I returned back to Alaska with a better understanding and appreciation of the adversary controlling SNCT (‘He’).
My mentors in DC made the hairs on the back of my neck come to attention with their strong message to protect myself personally and physically.
Their warning held a lot of weight – a burden of weight – more precisely.
For the 10 years of knowing them, never did a conversation involve their concern for my safety. When I left DC the next morning, it was time to make a plan.
The driver for a formalized strategic plan was clear: safety. And there is safety in numbers.
I have a lot of self-confidence in a variety of situations. Heading home from DC, after not going to the meeting at the office which ‘he’ rescheduled from Friday to Sunday, made me feel like a weak failure.
I had to admit to my colleagues on the board the severity of the situation and I simultaneously had to set my own ego aside to have that conversation.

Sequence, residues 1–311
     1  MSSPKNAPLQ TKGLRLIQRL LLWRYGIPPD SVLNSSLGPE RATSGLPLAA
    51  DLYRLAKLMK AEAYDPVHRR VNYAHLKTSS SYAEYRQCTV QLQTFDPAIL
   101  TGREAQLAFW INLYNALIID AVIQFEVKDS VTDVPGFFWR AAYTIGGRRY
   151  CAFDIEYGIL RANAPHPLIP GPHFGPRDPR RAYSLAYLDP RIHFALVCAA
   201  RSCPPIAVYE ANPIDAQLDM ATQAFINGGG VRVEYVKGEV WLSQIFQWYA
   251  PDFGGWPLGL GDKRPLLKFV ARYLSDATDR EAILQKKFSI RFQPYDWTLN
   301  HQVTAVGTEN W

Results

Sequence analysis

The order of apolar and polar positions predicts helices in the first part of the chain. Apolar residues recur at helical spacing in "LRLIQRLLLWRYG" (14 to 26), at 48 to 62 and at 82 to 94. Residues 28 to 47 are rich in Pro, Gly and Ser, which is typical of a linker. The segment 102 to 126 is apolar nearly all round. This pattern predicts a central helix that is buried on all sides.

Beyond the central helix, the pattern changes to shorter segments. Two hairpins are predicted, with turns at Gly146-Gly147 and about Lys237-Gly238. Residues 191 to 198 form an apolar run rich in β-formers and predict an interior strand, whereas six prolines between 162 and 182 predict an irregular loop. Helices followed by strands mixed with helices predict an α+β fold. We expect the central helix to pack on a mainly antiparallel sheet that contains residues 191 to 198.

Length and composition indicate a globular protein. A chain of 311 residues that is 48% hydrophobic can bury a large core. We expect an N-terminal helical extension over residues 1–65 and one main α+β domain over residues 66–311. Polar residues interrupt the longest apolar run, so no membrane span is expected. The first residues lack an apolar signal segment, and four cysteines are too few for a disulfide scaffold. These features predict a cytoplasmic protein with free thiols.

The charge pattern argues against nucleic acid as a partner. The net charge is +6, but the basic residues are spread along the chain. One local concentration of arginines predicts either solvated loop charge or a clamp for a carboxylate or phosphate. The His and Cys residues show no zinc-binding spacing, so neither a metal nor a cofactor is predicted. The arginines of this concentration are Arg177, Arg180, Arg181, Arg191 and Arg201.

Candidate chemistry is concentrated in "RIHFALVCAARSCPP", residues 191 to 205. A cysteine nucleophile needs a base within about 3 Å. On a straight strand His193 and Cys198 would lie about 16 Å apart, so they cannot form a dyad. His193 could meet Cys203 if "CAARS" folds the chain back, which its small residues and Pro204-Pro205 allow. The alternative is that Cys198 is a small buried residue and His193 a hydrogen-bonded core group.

I woke up at the hotel in Anchorage after a few hours of sleep having landed at 1 a.m. from DC. I awoke from my phone ringing. It was an ER nurse. One of my teenage daughters was in the ER for drinking alcohol. My daughters were living with their dad in Anchorage at that time. (I was headquartered in Nome).
I went to the ER and talked with the nurse, who gave me a rundown on what led my daughter and her friend to being there.
I rescheduled my flight to Nome so I could talk with my girl, her friend’s parents, and her dad.
I was scared for her safety, well-being and happiness. This was new territory.